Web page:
SYDNEY (Reuters) - The cricket world was in mourning on Thursday following the death of Australian batsman Phillip Hughes, who died in a Sydney hospital, two days after being hit in the head by a ball.
A game that is synonymous with the values of fair play and sportsmanship was left heartbroken at the loss of one its favourite sons, a kid from a banana plantation who dared to dream big.
That he died surrounded by his family and friends after being injured playing the game he loved, provided little solace to the millions of people that follow cricket.
“It’s an understatement to say we’re completely devastated,” Cricket Australia boss James Sutherland told reporters.
“The word tragedy gets used too often in sport, but this freak accident is a real life tragedy.”
Australia’s pain was shared by the cricketing world. Cricket, perhaps more than most other sports, is played by a tight-knit community.
Only a handful of countries play the game professionally and opposing players spend months together, often dining and drinking together after matches.
Rarely has cricket been more united than now, the game’s saddest day.
Overwhelmed by emotion, Australia’s players were in tears as they filed out of St Vincent’s hospital after bidding farewell to their fallen team mate.
The Indian team, currently on tour in Australia, cancelled their two-day practice match that was due to start on Friday. In Dubai, Pakistan and New Zealand aborted the second day of their test match, the players too distraught to take the field.
At Lord’s, the traditional home of cricket, flags were flown at half mast, a tribute that was replicated at stadiums around the world.
“For a young life to be cut short playing our national game seems a shocking aberration,” Australian Prime Minister Tony Abbott said.
“He was loved, admired and respected by his team mates and by legions of cricket fans.”
The news of Hughes’ death came like a bolt from the blue. The 25-year-old had been in an induced coma for two days after being struck by a bouncer from Sean Abbott at the Sydney Cricket Ground in a domestic encounter.
He had needed CPR and mouth-to-mouth resuscitation before undergoing emergency surgery to reduce the pressure on his brain.
Cricket is not a sport associated with death, so hopes were high that he would survive but the injuries he suffered were catastrophic.
The ball hit him on the side of his neck, compressing his vertebral artery and causing it to split, forcing blood into the brain area.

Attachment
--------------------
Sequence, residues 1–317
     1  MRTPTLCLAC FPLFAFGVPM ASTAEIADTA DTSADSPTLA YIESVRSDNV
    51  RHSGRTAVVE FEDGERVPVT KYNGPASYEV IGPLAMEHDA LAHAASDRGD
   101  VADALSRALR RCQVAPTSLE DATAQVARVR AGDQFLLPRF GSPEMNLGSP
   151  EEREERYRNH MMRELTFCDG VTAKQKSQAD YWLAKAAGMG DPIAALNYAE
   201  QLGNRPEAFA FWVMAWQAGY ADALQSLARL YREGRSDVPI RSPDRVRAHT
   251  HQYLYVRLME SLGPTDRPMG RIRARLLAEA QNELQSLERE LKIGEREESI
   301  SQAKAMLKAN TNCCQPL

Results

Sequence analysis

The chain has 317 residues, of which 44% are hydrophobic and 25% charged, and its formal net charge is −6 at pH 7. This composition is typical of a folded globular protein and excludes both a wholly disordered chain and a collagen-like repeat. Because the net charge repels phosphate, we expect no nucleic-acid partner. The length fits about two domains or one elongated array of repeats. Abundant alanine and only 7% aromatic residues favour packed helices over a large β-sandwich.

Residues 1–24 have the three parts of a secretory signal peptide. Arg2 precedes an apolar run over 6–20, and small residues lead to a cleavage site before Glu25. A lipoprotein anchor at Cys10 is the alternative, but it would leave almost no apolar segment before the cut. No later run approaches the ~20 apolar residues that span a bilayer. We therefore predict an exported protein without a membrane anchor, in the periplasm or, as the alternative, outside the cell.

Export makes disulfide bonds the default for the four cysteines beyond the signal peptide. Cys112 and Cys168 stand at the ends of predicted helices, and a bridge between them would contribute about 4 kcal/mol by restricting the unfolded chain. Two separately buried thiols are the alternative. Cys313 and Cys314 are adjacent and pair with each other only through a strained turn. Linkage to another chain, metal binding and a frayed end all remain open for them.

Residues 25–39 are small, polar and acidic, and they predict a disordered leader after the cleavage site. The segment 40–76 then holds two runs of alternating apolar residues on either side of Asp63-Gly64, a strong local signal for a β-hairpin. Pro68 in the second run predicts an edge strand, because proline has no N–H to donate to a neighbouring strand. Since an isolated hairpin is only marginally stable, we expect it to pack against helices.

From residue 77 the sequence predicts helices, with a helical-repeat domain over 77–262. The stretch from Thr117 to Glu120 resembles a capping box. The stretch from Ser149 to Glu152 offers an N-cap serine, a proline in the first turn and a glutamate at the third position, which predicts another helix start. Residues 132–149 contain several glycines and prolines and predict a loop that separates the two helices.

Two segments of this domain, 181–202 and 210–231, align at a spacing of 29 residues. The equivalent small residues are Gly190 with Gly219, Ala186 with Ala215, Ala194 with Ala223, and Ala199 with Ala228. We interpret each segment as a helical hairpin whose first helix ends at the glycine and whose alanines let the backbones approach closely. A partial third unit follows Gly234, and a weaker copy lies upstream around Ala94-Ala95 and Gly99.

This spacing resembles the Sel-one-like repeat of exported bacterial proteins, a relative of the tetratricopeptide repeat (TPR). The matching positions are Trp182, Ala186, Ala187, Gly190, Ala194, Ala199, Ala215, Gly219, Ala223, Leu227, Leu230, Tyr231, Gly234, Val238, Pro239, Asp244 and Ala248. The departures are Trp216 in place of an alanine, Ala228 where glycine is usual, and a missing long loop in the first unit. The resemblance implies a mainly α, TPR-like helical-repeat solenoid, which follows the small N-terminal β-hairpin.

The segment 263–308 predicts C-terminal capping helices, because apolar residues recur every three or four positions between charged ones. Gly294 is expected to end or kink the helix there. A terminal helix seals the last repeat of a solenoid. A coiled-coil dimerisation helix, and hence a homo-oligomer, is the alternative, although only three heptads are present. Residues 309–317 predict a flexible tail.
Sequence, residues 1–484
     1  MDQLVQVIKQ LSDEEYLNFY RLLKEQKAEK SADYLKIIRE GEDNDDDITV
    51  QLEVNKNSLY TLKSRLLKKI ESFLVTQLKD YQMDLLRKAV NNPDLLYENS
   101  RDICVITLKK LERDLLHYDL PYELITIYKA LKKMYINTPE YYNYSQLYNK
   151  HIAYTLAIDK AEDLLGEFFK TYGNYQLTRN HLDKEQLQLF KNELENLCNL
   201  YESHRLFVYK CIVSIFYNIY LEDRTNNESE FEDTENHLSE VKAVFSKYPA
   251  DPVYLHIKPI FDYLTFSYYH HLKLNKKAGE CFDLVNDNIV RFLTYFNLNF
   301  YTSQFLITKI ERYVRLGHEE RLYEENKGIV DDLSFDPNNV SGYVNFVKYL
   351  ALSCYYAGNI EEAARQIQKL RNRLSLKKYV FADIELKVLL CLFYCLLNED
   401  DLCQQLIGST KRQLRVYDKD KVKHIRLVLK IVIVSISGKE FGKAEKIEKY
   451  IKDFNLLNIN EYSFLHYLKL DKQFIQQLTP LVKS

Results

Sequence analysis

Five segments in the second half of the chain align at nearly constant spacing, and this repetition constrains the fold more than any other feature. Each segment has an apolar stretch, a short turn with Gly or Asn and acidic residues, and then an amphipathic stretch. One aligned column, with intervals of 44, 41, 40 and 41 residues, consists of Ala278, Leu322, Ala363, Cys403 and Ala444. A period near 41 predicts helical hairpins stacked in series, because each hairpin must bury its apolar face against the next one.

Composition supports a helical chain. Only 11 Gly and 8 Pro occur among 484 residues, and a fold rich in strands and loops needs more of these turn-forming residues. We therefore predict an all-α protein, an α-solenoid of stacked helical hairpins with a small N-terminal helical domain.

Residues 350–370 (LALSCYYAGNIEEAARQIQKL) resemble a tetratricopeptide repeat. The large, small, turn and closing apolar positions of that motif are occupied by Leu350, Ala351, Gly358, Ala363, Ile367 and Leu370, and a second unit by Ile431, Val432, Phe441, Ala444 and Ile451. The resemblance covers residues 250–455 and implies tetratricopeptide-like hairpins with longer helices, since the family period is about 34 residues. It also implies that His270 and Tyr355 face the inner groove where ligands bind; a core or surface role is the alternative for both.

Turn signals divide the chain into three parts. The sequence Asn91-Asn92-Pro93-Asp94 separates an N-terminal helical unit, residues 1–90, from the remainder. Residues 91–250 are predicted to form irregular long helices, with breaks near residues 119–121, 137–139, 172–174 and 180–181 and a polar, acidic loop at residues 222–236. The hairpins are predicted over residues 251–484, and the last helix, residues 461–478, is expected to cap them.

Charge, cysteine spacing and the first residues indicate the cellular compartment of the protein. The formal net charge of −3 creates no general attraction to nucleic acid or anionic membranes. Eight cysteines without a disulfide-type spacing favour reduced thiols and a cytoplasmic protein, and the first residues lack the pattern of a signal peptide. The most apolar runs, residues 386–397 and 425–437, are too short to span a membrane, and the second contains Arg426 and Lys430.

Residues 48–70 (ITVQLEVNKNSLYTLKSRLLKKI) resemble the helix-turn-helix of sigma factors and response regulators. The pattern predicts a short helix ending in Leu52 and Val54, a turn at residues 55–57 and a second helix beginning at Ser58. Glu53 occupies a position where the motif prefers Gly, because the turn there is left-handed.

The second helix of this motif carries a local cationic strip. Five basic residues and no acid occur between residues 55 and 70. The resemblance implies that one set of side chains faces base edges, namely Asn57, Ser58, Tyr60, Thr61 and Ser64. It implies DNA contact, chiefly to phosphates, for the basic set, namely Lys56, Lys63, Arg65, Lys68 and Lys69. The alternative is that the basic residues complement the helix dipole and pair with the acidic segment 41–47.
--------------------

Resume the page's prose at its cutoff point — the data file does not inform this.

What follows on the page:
Doctors removed parts of his skull during the operation but the damage was too severe and he never regained consciousness.
“This was a freakish accident because it was an injury to the neck that caused haemorrhage in the brain,” Cricket Australia doctor Peter Brukner said. “The condition is incredibly rare.”
His death will undoubtedly raise questions about safety standards in the game. Hughes was wearing a helmet but the ball slipped through a tiny gap between his shoulder and the base of his protective hard hat.
Jagmohan Dalmiya, the former International Cricket Council chief, told Reuters safety standards would have to be reviewed in light of Hughes’ death.
“Injuries are part of cricket but precautions should be taken so that such incidents do not happen,” he said.
The outpouring of grief that followed the news of the player’s death was elevated in part by his enormous popularity.
Raised on a farm, Hughes was a throwback to cricket’s golden era, self-taught through hours of monotonous practice in his backyard.
He made his first-class debut at 18 and was picked for the Australian team at just 20, scoring twin centuries in his second test match, against South Africa.
Despite his unconventional technique, he scored a mountain of runs and was compared to Don Bradman, cricket’s greatest ever batsman.
But his vulnerability to short-pitched bowling stalled his career, though not his popularity.
From his 26 tests, he scored 1,535 runs at an average of 32.65, with three centuries. He has also scored two one-day hundreds and seemed certain to be part of the Australian team that will co-host next year’s World Cup.
He was dropped three times but never once complained and was on the verge of being recalled when his life was suddenly taken away, and leaving an entire game inconsolable.
(This story has been refiled to correct typo in paragraph 14, dropped word in paragraph 26)
Writing by Julian Linden; Editing by John O'Brien